On June 20th, 1948, everyone hoped they were at the start of something big... but no one had any idea it would last for twenty one years straight. Unfortunately nobody bothered to save a copy, but it probably looked something like this.
Of course, that's Jerry Lewis and Dean Martin with a parody of the man himself, but they were the very first guests so isn't that fair? For the post-war generation, the real Ed Sullivan served as a guide to, well, a little of everything. Getting your act on his show was a gateway to stardom, and even the animal acts got their share of fame. Maybe he wasn't so edgy as today's tv heroes, but you'd have a hard time finding some corner of media that doesn't owe Ed Sullivan a debt. So after the jump, we're celebrating his TV birthday with our really big look at the really big history of a really big star, Mr. Ed Sullivan.
It would be stupid to say that Ed Sullivan wasn't aware of his distinctive, easy-to-parody speaking style. And sure, early on, that style took lots of fire and insults from critics. But Ed Sullivan was also a man who'd started as a boxer, and later worked as a gossip columnist, so he knew a bit about tactics and the way people liked to see the underdog come out on top. Maybe it was all part of his plan, then, to wind up a sort of Rod Serling figure, just slipping out, reminding us he was there, then stepping aside to let something good happen. Or maybe it was just a lucky accident. Whatever the reason, this plan led Ed to meet and help shape the careers of so many, many, many entertainers.
George Carlin got noticed there, and so did Carol Burnett, and even the bizarre Senor Wences, became household names because they appeared on Ed Sullivan. Maybe in some cases, these comedians would do later work with more of an edge to it, and maybe that would be the stuff they're remembered for, but... well, almost anyone can get f-bomb laughs now and then. But not every bleeding-edge swear comic is talented enough to craft two decent minutes from simple jokes about bad breath and lighting a cigarette.
We do want to be fair, so we're gonna go ahead and say it: Ed Sullivan could also be a huge jerk. Bo Diddley was insulted and banned for life for doing an extra song, and when Ed and Buddy Holly had a falling out, the show's tech guys were told to turn down Holly's guitar. But it's a bit refreshing how these fights never really seemed to be about race or religion or personal beliefs. Ed apparently just wanted to be the absolute boss of his own show, and took no guff from any guest. In the big list of show biz sins, he's hardly carrying the worst one, right?
Ed Sullivan's show was also a place where a great many Americans heard new music for the very first time. We'd hate ourselves if we called it "the iTunes store of the 50s and 60s" but there's no other present-day comparison for the sort of influence his show had with the American public. Once Ed had featured Elvis and The Beatles, he became to then-modern rock what Conan O'Brien is to now-modern rock: a really good career decision. And it's worth mentioning that Ed Sullivan was showing James Brown and Ike and Tina Turner on the same stage that once featured performances of Camelot and an Italian mouse. We're not saying he was Martin Luther King Jr. or anything, but considering the climate at that time, it probably wasn't a path he had to take, and it was very fair of him to support artists who some viewers might rather have forgotten about.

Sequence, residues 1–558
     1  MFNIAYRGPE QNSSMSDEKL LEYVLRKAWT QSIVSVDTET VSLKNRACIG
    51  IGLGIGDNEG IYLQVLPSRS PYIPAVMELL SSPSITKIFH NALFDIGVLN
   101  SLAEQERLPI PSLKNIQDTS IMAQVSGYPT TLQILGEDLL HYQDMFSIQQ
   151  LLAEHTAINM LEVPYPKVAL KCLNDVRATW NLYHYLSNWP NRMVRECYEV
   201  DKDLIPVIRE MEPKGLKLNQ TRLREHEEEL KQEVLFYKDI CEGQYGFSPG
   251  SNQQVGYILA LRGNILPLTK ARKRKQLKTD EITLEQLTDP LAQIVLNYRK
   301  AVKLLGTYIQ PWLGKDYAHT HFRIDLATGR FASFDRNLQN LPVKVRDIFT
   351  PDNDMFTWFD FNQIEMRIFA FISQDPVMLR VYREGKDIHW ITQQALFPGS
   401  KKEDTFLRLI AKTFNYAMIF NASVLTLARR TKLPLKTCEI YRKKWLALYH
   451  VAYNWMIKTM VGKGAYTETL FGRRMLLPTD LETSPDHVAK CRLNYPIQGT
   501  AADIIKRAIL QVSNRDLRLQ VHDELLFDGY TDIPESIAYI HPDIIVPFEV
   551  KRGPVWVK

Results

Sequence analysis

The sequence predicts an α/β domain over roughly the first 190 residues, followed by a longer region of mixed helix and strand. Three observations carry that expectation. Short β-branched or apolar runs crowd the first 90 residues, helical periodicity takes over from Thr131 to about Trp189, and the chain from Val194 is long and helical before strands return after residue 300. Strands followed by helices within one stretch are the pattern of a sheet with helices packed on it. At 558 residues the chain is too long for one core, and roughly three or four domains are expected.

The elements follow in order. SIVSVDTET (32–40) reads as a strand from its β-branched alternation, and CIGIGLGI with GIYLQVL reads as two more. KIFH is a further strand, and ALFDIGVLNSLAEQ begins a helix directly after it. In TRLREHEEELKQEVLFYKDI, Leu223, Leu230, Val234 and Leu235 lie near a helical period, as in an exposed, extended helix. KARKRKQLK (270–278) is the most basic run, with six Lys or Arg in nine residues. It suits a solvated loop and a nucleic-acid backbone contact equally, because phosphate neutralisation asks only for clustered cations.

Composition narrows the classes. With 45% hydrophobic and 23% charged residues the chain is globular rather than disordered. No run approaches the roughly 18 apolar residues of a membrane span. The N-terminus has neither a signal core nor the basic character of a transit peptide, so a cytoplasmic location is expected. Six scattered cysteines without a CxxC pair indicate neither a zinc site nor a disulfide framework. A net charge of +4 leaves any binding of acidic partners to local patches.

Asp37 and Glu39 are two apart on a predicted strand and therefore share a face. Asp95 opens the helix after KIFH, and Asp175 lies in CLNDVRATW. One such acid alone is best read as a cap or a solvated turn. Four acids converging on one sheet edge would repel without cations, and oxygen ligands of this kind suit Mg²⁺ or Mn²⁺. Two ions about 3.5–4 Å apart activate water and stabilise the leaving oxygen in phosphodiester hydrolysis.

Today, if you see ballet or a magician's act, you've probably turned over to PBS. And if you see foot jugglers or plate spinning, you're probably watching them get voted off America's Got Talent. But there was a time when you'd be enjoying them as a lead in to some of the most famous actors, musicians and celebrities that the world had to offer. Maybe that's why people just couldn't stop watching, and why Ed Sullivan got so much media attention from his peers. If you think it's kind of obnoxious the way Huffington Post never shuts up about The Daily Show, man, that's NOTHING compared to Ed Sullivan shoutouts from back in the day.
Of course, in the media, those shoutouts have taken many different forms. In old cartoons he was the sign of success. To many Boomers, he became a (NSFW due to profanity) representation of "The Man" even if the reality wasn't quite as dramatic as Oliver Stone remembered. It could have been that culture change which finally led to Sullivan's declining ratings, and his cancellation in 1971, after 21 years of helping set popular cultural trends. Naturally, though, the industry wasn't quite ready to let their moneymaker go.
Just how "Heroes" led to "The Cape" and "Deal Or No Deal" led to "Minute To Win It", and The Beatles led to Oasis, all those producers who grew up on Ed weren't ready to let the formula go. Got some stars? Throw out a variety hour! Even years later, playing off Ed's ghost was a fast way to impress the industry, and the well established David Letterman made sure to pay tribute to Ed's memory on his very first CBS show in Ed's old theater. Probably right now, almost sixty years after Toast of the Town first aired, Joss Whedon could get Firefly back on the air by adding a plate spinner and pitching it as "Ed Sullivan... but in THE FUTURE!" Who cares if it's already been done?
The 1970s saw Ed Sullivan fade away, as we all know, the king's crown passed to Johnny Carson and late night television, and today the standard is for all the interesting stuff to happen after ten pm. But for a long time, what mattered in America was on Sunday nights, just after sunset and just before the kids had to go to bed. Maybe now, tributes to Ed Sullivan are limited to novelty performances but trust us, the influence of Ed Sullivan is all over TV today. And we think that's why he's worth remembering every now and then, and especially today.